Festive season public mobility in Kathmandu has further raised Covid-19 risk, officials sayKathmandu Metropolitan City officials are already struggling to keep track of the infected and the people who have come into their close contact.
The number of people visiting the shopping areas of Kathmandu for the festival shopping has gone up dramatically in recent days, raising alarm among the officials who fear the city’s coronavirus crisis could further intensify.
The ten-day long festival kicks off on Saturday and with the shopping crowd getting larger by the day, the authorities are at a loss as to how to contain the virus that has been spreading rapidly in Kathmandu Valley.
Government records show nearly 60 percent of the positive cases are being reported from the Valley these days. Health officials worry the festival crowd is only going to make the situation worse.
The areas like Ason, New Road, Khichapokhari, Bhotahiti and Indra Chowk are now full of festival shoppers these days and authorities have no way of enforcing mandatory mask and physical distancing rules.
According to the records kept by the Public Health Division of Kathmandu Metropolitan City, 16,733 people in the city have been infected with the coronavirus as of Wednesday. The records also show that 6,670 infected people are in home isolation in the city alone.
"Mass mobility of people during the Dashain season is bound to push the infection numbers even higher,” said Gyan Bahadur Oli, the Covid-19 focal person for KMC.
The division is already struggling to keep track of the virus spread, the infected people and the people who have come to their close contact. It has managed to trace only 25,451 people so far.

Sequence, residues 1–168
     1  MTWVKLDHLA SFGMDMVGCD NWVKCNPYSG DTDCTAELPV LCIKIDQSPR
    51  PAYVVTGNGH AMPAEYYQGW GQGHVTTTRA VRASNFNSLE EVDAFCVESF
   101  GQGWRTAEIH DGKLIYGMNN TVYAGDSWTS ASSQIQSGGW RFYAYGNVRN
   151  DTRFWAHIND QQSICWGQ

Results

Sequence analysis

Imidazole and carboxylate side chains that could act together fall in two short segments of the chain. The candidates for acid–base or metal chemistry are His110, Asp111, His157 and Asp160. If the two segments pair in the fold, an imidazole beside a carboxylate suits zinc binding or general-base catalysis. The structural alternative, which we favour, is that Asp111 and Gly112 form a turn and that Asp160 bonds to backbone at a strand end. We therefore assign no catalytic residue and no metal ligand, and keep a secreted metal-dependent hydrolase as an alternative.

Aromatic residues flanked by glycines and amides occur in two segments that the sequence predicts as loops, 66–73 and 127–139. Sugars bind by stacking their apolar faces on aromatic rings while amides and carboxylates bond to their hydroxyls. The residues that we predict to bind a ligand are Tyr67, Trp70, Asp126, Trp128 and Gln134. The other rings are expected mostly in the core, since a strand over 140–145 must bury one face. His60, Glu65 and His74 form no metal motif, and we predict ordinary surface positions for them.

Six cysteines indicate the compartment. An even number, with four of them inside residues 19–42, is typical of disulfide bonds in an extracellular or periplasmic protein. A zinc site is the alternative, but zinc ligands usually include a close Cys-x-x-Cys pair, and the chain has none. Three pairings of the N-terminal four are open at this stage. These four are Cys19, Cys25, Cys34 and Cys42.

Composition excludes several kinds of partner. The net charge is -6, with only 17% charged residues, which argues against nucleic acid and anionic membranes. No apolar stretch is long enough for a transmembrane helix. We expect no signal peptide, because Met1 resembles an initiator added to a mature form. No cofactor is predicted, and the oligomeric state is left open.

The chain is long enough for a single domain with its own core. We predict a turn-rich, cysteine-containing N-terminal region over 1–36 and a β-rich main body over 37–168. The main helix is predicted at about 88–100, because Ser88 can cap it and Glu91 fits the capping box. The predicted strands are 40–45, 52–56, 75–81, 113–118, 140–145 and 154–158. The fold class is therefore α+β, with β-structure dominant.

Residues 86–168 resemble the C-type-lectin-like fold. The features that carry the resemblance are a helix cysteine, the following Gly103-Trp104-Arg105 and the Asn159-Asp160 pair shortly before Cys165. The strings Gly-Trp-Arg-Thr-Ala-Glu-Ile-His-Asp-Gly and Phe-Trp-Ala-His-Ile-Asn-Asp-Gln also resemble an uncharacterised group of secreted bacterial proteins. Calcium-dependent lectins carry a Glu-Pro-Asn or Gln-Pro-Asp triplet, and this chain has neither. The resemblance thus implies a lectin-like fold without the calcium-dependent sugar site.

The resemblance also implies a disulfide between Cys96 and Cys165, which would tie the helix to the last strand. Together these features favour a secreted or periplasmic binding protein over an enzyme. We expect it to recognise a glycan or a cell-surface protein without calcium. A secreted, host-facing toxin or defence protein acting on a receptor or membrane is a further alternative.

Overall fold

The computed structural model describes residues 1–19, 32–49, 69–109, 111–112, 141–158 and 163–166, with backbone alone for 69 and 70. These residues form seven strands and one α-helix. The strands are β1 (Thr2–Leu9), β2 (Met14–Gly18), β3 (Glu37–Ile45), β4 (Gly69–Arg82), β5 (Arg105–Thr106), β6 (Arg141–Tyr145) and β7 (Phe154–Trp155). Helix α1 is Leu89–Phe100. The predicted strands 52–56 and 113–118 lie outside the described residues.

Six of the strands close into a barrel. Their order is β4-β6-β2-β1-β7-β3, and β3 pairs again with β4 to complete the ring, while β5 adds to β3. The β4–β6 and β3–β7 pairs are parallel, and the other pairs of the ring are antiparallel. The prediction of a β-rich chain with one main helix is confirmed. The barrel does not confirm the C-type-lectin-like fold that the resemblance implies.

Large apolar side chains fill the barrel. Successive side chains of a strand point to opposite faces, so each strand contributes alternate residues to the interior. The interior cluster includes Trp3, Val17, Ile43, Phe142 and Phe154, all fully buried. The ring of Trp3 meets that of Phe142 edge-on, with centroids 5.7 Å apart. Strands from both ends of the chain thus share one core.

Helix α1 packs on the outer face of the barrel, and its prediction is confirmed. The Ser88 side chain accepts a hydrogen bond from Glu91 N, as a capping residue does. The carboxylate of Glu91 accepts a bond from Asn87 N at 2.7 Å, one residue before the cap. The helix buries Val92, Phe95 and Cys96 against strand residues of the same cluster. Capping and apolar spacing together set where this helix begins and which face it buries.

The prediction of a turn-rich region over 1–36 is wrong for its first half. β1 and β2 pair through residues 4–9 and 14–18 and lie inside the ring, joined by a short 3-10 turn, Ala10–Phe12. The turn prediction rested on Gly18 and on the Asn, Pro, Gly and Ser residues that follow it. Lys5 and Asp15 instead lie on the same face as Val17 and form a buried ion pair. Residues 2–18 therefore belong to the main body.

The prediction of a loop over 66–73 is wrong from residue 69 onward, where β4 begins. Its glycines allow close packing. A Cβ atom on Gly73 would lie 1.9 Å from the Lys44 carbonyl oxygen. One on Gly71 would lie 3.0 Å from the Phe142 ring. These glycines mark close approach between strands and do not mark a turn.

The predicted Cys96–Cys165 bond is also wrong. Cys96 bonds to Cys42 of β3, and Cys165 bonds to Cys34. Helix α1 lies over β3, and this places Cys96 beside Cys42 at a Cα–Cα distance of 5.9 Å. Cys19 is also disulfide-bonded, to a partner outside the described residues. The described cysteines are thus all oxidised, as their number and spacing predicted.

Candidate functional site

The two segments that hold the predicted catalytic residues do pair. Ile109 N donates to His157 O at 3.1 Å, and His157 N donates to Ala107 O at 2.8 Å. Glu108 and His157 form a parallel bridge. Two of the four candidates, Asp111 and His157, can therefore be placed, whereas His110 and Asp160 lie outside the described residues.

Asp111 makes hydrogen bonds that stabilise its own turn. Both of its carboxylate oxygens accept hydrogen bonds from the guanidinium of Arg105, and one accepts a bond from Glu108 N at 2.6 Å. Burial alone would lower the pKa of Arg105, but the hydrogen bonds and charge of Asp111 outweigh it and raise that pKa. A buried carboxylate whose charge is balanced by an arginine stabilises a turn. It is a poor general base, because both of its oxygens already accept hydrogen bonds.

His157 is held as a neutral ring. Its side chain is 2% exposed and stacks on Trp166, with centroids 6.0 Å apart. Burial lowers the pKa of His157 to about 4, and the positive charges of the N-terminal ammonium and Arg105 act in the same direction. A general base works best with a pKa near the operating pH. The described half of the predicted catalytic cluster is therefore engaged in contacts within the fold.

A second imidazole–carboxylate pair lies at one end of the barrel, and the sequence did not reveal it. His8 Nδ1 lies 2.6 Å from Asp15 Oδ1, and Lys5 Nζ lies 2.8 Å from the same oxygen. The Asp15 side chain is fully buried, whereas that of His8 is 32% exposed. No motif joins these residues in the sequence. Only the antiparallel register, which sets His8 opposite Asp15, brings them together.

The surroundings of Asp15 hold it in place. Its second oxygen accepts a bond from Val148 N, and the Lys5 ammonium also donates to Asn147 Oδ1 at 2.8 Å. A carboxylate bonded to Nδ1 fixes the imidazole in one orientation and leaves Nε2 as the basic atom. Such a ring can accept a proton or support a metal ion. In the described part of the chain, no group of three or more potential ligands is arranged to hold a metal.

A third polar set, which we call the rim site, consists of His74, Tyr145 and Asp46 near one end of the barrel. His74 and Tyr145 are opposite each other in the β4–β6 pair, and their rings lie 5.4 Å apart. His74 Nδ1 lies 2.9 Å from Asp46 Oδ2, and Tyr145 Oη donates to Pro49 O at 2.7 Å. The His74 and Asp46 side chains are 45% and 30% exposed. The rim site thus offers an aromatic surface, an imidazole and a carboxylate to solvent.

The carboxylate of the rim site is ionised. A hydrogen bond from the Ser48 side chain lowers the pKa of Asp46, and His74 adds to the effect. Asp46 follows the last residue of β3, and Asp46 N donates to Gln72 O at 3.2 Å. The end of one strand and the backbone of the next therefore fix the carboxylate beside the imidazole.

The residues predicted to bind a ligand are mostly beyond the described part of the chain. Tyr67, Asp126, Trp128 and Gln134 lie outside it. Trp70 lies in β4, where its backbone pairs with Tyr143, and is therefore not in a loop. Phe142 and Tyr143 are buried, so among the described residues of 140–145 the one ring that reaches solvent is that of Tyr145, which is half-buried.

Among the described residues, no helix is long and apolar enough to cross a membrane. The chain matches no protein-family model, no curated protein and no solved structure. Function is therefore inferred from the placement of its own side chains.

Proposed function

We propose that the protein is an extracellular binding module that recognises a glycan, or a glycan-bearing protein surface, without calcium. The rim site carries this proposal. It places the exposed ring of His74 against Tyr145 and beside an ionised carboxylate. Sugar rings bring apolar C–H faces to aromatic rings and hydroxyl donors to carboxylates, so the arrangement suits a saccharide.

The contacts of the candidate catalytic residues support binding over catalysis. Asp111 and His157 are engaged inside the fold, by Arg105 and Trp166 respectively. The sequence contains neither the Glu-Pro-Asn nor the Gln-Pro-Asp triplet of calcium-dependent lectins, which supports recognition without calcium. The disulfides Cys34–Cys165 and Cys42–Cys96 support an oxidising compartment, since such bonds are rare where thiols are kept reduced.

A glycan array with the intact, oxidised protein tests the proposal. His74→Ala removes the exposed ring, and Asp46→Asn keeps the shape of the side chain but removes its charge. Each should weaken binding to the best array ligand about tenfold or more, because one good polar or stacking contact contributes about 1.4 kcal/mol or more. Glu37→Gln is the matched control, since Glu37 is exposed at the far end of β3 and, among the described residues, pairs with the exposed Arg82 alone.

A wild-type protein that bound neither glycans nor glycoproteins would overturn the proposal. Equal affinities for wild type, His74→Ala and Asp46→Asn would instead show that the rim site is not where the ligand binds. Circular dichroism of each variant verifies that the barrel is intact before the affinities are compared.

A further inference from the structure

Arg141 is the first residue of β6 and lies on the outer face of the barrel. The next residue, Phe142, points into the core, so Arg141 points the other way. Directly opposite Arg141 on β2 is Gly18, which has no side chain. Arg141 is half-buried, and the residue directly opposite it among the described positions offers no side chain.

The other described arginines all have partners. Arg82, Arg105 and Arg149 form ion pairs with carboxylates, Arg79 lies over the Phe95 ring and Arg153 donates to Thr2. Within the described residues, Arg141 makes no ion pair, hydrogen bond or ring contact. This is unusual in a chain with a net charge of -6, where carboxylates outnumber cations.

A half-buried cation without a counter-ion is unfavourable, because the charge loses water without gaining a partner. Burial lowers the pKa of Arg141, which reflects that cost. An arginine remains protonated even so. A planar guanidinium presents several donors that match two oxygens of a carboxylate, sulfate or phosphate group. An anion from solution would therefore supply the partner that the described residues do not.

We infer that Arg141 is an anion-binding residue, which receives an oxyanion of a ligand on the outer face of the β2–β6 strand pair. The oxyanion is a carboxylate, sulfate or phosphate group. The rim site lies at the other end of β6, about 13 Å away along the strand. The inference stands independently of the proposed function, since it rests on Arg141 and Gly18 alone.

"If a person is infected and he or she goes to Ason, Mahaboudha or New Road for shopping and travels to Rukum or Accham for the festival, how are we going to trace the person and the people who came in close contact with them," said Oli.
Ever since the government opened the long route vehicles last month, the situation is getting difficult, and doctors have long been saying that this will only increase the risk of the virus spreading to remote villages of the country from Kathmandu.
Dr Sher Bahadur Pun, virologist at Sukraraj Tropical and Infectious Disease Hospital at Teku, said the Dashain crowd has put thousands of people at risk.
"People with conditions such as diabetes and high blood pressure, cancer patients, pregnant women and elderly people are particularly at risk. These risk groups and their families should be extra cautious," he said.
Sajana Maskey, a resident of Ason, is worried about her grandparents.
“It’s very dangerous for us to come out of the house because you don’t find any space to walk freely. There is a risk of the virus transmission and I have ageing grandparents at my house,” the 25-year-old said.
Her fear has only exacerbated after she recently learned that her nextdoor family contracted the virus.
“We only get out of our house in the morning. Throughout the day, it is too risky to get out,” Maskey said.
Chin Kaji Maharjan, ward chairman of KMC-22 which includes the New Road area, admitted that the situation has become hopeless.
“Things have gone out of control,” he told the Post over the phone. “The government has done little to address the situation. The ward offices do not have the resources to fight the pandemic.”
Maharjan said when there were only two positive cases in the country, the government imposed a long nationwide lockdown which went on for four months. “Now, the coronavirus infection has become widespread and the people are moving freely. It’s difficult to escape from the virus,” he said.